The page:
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The LAB-Net Soil Moisture Network: Application to Thermal Remote Sensing and Surface Energy Balance

Laboratory for Analysis of the Biosphere (LAB), University of Chile, Santiago 8820808, Chile
Department of Geographical Sciences, University of Maryland, College Park, MD 20742, USA
Laboratory of Territorial Analysis (LAT), University of Chile, Santiago 8820808, Chile
Author to whom correspondence should be addressed.
Academic Editor: Juan Carlos Jiménez-Muñoz
Received: 23 February 2016 / Revised: 19 May 2016 / Accepted: 19 May 2016 / Published: 7 June 2016
(This article belongs to the Special Issue Temperature of the Earth)
A set of Essential Climate Variables (ECV) have been defined to be monitored by current and new remote sensing missions. The ECV retrieved at global scale need to be validated in order to provide reliable products to be used in remote sensing applications. For this, test sites are required to use in calibration and validation of the remote sensing approaches in order to improve the ECV retrievals at global scale. The southern hemisphere presents scarce test sites for calibration and validation field campaigns that focus on soil moisture and land surface temperature retrievals. In Chile, remote sensing applications related to soil moisture estimates have increased during the last decades because of the drought and water use conflicts that generate a strong interest on improved water demand estimates. This work describes the Laboratory for Analysis of the Biosphere (LAB)—NETwork, called herein after ‘LAB-net’, which was designed to be the first network in Chile for remote sensing applications. The test sites were placed in four sites with different cover types: vineyards and olive orchards located in the semi-arid region of Atacama, an irrigated raspberry crop in the Mediterranean climate zone of Chimbarongo, and a rainfed pasture in the south of Chile. Over each site, well implemented meteorological and radiative flux instrumentation was installed and continuously recorded the following parameters: soil moisture and temperature at two ground levels (10 and 20 cm), air temperature and relative humidity, net radiation, global radiation, radiometric temperature (8–14 µm), rainfall and soil heat flux. The LAB-net data base post-processing procedure is also described here. As an application, surface remote sensing products such as soil moisture data derived from the Soil Moisture Ocean Salinity (SMOS) and Land Surface Temperature (LST) extracted from the MODIS-MOD11A1 and GOES LST from Copernicus products were compared to in situ data in Oromo LAB-net site. Moreover, land surface energy flux estimation is also shown as an application of LAB-net data base. These applications revealed a good performance between in situ and remote sensing data. LAB-net data base also contributes to provide suitable information for land surface energy budget and therefore water resources management at cultivars scale. The data based generated by LAB-net is freely available for any research or scientific purpose related to current and future remote sensing applications. View Full-Text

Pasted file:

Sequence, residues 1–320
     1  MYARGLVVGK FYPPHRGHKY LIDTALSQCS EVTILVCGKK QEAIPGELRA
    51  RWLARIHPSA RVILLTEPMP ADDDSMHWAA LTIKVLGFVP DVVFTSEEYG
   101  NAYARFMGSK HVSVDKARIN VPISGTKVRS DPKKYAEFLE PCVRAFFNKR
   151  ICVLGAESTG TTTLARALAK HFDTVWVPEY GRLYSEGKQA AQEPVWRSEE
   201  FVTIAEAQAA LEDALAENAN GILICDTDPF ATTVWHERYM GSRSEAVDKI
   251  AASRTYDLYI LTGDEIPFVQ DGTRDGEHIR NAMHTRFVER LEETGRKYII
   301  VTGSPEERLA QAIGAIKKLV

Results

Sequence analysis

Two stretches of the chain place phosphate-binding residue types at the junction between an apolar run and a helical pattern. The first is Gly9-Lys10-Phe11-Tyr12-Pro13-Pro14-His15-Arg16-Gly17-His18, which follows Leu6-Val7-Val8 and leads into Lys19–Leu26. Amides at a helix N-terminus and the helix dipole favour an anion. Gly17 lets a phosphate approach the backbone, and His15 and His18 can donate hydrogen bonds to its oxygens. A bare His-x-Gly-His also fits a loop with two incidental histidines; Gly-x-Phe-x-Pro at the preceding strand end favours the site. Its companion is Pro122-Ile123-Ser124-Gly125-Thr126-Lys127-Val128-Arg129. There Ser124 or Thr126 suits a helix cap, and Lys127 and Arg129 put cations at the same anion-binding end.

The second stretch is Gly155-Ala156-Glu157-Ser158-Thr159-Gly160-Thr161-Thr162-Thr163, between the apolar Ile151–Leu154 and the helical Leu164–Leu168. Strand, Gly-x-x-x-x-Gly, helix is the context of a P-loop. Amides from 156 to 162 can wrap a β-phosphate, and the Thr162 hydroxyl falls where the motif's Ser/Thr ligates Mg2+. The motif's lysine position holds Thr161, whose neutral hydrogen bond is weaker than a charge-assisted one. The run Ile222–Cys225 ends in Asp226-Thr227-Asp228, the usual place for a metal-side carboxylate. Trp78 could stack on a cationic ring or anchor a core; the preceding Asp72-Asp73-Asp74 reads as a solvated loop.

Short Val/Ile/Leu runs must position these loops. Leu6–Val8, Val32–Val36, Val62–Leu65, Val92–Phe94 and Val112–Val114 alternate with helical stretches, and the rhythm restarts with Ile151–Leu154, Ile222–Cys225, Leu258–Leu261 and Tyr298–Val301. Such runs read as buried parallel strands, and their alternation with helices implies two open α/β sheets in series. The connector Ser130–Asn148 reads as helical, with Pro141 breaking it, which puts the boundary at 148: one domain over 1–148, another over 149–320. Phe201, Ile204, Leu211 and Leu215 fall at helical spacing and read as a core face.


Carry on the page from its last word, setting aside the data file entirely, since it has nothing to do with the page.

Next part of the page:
Keywords: soil moisture; surface temperature; network; meteorological station; remote sensing; LAB-net soil moisture; surface temperature; network; meteorological station; remote sensing; LAB-net
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Mattar, C.; Santamaría-Artigas, A.; Durán-Alarcón, C.; Olivera-Guerra, L.; Fuster, R.; Borvarán, D. The LAB-Net Soil Moisture Network: Application to Thermal Remote Sensing and Surface Energy Balance. Data 2016, 1, 6.

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